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Old 04-28-2023, 06:55 PM   #1
errigour
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c programming function variable ...


Hey can someone tell me how to put the function variable ... to use? honestly I want max function to be able to take any number of variables and tell me the maximum number. is that possible? and why do i have to put a variable before ...? it wouldn't let me just do long long int max(...). Would i have to use assembly for something like that and if so could someone show me a sample assembly program that would compile for 64 bit.

Code:
#include <stdio.h>

long long int max(int argc, ...)
{

}

int
main (int argc, char *argv[])
{
    max(27, 45, 30, 98, 52);
}

Last edited by errigour; 04-28-2023 at 07:03 PM.
 
Old 04-28-2023, 07:06 PM   #2
dugan
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This example looks pretty good to me:

https://www.tutorialspoint.com/c_sta...o_va_start.htm

And if you want something more boring:

https://www.gnu.org/software/libc/ma...Functions.html
 
Old 04-28-2023, 07:31 PM   #3
errigour
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what if i wanted to make my own va_start and stuff without using those functions is it possible?
 
Old 04-28-2023, 07:41 PM   #4
errigour
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like im trying to make a max function to use in c but i think i have to use assembly for it cause that gnu webpage says it cant be done with c. and I don't even want the first argument argc either. just want a function that will take any long long integers and tell me the max one.
 
Old 04-28-2023, 07:41 PM   #5
errigour
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Ive seen it done in other programs so i know it can be done.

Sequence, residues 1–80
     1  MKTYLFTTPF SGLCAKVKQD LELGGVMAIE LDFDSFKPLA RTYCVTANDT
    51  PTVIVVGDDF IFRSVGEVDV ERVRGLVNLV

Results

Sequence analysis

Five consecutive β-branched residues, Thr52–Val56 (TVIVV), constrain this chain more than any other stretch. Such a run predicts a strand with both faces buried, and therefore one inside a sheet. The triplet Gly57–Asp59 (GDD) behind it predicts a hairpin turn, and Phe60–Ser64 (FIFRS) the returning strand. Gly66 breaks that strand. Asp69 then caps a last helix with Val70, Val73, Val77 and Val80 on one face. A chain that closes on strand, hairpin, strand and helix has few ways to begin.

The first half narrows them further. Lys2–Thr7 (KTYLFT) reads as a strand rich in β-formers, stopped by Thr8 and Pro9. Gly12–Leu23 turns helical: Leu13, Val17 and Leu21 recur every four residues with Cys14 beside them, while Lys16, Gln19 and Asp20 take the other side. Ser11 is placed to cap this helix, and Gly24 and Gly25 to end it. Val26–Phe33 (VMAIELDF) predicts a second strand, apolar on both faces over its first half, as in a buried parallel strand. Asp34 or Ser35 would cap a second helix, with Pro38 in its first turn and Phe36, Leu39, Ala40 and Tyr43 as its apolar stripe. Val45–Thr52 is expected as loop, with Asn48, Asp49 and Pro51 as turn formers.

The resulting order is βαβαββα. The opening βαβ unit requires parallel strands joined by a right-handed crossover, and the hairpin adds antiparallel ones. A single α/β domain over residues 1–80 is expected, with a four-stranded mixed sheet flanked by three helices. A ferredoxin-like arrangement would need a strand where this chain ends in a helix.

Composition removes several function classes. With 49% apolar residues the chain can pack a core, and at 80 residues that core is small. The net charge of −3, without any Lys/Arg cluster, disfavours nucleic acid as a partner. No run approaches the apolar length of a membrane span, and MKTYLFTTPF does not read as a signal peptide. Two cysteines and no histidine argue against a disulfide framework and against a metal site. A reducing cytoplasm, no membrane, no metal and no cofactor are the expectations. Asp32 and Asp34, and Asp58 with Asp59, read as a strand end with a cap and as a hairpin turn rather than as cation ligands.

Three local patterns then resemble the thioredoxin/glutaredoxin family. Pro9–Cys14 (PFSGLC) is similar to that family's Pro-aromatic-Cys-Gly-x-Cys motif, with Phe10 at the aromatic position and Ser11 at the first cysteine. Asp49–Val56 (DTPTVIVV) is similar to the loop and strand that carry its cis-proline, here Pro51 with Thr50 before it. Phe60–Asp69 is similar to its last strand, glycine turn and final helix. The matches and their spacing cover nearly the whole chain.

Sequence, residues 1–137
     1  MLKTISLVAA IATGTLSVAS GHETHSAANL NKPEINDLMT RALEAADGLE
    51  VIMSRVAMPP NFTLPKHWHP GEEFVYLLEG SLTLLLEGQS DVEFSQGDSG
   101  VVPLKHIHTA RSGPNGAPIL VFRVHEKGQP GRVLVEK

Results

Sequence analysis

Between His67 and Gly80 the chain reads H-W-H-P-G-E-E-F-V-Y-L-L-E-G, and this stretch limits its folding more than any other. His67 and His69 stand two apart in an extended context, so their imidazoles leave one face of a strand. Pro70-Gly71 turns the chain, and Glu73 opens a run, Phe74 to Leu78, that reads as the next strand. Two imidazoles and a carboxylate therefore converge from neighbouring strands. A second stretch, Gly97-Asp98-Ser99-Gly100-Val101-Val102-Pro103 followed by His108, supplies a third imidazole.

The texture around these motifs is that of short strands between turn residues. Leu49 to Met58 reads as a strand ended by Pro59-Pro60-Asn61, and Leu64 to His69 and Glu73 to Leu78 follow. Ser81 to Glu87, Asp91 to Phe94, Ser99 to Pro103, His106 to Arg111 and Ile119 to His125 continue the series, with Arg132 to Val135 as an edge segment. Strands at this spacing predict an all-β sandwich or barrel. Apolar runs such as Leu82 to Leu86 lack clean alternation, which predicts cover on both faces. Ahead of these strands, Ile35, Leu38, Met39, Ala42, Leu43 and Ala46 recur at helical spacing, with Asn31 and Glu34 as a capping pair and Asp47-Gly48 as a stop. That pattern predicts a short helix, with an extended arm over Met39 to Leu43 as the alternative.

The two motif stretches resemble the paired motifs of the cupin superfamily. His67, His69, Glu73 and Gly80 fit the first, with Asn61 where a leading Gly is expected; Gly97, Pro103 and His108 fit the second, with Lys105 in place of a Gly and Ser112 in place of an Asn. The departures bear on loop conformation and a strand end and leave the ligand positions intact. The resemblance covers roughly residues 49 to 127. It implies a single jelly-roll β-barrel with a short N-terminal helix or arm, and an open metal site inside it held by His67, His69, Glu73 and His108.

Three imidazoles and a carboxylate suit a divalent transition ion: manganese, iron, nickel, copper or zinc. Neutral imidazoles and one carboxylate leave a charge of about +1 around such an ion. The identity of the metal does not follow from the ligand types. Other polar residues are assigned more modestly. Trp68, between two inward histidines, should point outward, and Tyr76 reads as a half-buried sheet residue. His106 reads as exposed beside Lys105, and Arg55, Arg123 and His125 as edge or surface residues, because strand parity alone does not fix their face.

Old 04-28-2023, 07:53 PM   #6
errigour
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nm im just gonna mark this as solved cause i got it to work with va list i was just trying to write my own library.
 
Old 04-28-2023, 10:10 PM   #7
ntubski
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Quote:
Originally Posted by errigour View Post
what if i wanted to make my own va_start and stuff without using those functions is it possible?
You can't write your own va_start in pure C, because it depends on the compiler's/platform's calling convention.
 
Old 04-28-2023, 11:34 PM   #8
NevemTeve
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In C, you cannot tell how many arguments were passed to the variadic function. On the other hand, in Assembly, you cannot tell how many arguments were passed to the variadic function.
 
Old 04-29-2023, 09:14 AM   #9
pan64
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https://stackoverflow.com/questions/...argc-char-argv
you can pass argc and argv directly to your max function, do not need to use va_list and friends if you don't want to.
But you need both of them (argv and argc), the pointer to the input list and the number of args. Otherwise you will not be able to handle them.
 
Old 04-29-2023, 10:14 AM   #10
teckk
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Quote:
I want max function to be able to take any number of variables and tell me the maximum number. is that possible
Ok, I'll play.

Code:
#include <stdio.h>
#include <limits.h>
#include <stdarg.h>

int max(int args, ...) {
    int i, max, cur;
    va_list valist;
    va_start(valist, args);    
    max = INT_MIN;
    
    for(i=0; i<args; i++) {
        cur = va_arg(valist, int);
        if(max < cur)
            max = cur;
    }
    
    va_end(valist);
    return max;
}

int min(int args, ...) {
    int i, min, cur;
    va_list valist;
    va_start(valist, args);    
    min = INT_MAX;
    
    for(i=0; i<args; i++) {
        cur = va_arg(valist, int);
        if(min > cur)
            min = cur;
    }
    
    va_end(valist);
    return min;
}
        
        
int main() 
{   
    printf("Maximum of three numbers: (10, 30, 20) = %d\n", max(3, 10, 30, 20));
    printf("Maximum of five numbers: (5, -45, 4, 60, 100) = %d\n", max(5, 5, -45, 4, 60, 100));
    
    printf("Minimum of three numbers: (5, 10, 20) = %d\n", min(3, 5, 10, 20));
    printf("Minimum of five numbers: (12, -5, 0, 10, 50) = %d\n", min(5, 12, -5, 0, 10, 50));

    printf("%s%s", "Etc", "\n");
    
    return 0;
}

//gcc mytest.c -o mytest
 
Old 04-29-2023, 12:24 PM   #11
Racho
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I came up with this:

Code:
#include <stdio.h>
#include <string.h>
#include <stdarg.h>